Psychedelics Could Provide New Solutions to Climate Change

As the haze clears on this strangest of Earth Days in 2020, and as the traffic shifts from the fuel-guzzling kind to the data-hungry type, the coronavirus lockdown has certainly had us all reflecting on our lives.



One of the greatest hurdles in reducing climate change is the widespread degree of apathy – this extends towards our impact on the environment and our contribution to climate change, as well as  the loss of species. This is exacerbated in a society which has become detached from the natural world, in which for a great many people the digital realm has largely replaced nature.

Amanda Feilding founded the Beckley Foundation in 1998, and since then has conducted ground-breaking research into psychedelics. She recalls that during the psychedelic cultural explosion in the 60s, “LSD inspired a lot of new concepts that worked their way through western society, changing it to a more spiritually-inspired, healthy, open, and compassionate society than it was before.”

Psychedelics have been credited with presenting new solutions to complex problems. Repeatedly, people such as Steve Jobs and Kary Mullis have claimed that they would not have made their discoveries without the inspiration of a psychedelic. These examples of the great elasticity of thinking that psychedelics provide, if used correctly, provides us with a sense of hope for the future, and is a welcome juxtaposition to the seemingly insurmountable nature of the challenges we face in the years ahead.

Human behaviour will need to change at the fundamental level, and probably at warp speed too, if we are going to alter our current trajectory. There is little doubt that mind altering compounds bring about immediate change in our thinking, and studies indicate that these are longer lasting than we thought, the great task ahead will be to look even more closely at the topic, employ further research, and then draw out the lessons we learn to convert them into actionable solutions.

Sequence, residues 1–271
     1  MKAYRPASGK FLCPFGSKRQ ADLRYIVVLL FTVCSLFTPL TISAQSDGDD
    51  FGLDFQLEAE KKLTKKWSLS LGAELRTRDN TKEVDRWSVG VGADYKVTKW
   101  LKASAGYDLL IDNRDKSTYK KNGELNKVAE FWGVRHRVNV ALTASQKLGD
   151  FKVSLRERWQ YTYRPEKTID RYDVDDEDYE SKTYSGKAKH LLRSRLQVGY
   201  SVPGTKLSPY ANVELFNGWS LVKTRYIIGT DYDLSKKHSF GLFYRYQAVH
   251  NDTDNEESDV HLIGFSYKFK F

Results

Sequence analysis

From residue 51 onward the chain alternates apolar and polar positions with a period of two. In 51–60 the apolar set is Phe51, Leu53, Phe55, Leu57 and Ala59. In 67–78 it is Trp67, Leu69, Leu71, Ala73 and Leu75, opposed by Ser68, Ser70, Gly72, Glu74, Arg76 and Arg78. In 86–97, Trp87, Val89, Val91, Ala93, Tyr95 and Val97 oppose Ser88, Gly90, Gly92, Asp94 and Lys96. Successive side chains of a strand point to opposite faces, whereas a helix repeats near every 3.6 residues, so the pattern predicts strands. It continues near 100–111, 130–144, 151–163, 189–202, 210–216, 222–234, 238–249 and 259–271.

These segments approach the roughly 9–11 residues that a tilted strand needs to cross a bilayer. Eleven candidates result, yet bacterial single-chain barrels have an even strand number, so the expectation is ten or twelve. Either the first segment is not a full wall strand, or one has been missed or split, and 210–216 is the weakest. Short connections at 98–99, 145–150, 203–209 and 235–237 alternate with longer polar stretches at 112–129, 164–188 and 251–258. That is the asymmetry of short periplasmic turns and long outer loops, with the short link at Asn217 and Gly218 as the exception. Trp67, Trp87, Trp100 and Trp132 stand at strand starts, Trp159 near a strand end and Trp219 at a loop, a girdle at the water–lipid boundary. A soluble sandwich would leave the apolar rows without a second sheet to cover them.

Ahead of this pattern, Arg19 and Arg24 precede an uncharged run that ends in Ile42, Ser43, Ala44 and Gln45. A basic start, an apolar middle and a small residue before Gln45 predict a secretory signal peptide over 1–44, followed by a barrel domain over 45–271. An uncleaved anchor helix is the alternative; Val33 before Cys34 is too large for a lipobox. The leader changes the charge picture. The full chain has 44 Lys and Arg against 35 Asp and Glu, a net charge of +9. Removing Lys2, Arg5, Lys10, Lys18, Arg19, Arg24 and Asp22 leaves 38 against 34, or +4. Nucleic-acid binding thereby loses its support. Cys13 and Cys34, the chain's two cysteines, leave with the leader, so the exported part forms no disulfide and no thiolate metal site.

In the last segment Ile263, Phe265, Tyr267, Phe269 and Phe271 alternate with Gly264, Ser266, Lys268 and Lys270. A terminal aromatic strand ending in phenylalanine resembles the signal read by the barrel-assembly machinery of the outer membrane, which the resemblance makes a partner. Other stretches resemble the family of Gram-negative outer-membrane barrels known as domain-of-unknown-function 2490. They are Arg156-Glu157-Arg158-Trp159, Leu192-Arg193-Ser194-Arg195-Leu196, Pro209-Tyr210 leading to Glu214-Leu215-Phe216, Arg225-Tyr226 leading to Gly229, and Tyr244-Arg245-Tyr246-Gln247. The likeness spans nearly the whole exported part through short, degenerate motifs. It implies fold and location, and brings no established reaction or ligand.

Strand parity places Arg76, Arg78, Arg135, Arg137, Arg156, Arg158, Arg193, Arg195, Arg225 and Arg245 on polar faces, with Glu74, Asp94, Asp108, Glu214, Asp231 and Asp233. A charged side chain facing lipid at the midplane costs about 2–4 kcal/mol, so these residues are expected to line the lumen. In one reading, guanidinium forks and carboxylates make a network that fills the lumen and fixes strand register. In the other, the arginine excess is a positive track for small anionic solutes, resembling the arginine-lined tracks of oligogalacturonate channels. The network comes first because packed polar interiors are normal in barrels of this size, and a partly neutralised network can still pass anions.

The Beckley Foundation has been exploring the potential benefits that psychedelics could have on neuroplasticity and creativity with the hope that this could provide a possible route to problem solving amongst teams and individuals.  We hope to share these results soon.



We must also remember the systemic impact that the global mental health crisis plays on our ability to find new solutions to age old problems and the important role that psychedelics can play here.

“It would make sense for us to look more closely at how these compounds might help provide better insights into the complicated dilemmas of environmental destruction which we are now facing. But first we should also consider that psychedelics can play a significant role in helping humanity to overcome psychological problems such as depression and addiction, and also those problems which emanate from human neurotic, and indeed psychotic, mindsets,” Amanda says.

Psychedelics can offer an opportunity to “reset” our fixed mindsets and Amanda reminds us that with the correct support, they could play an even more important role in helping us to protect our environment “particularly if attitudes can become more flexible and governments adopt evidence-based drug policies.”

Thom McLachlan


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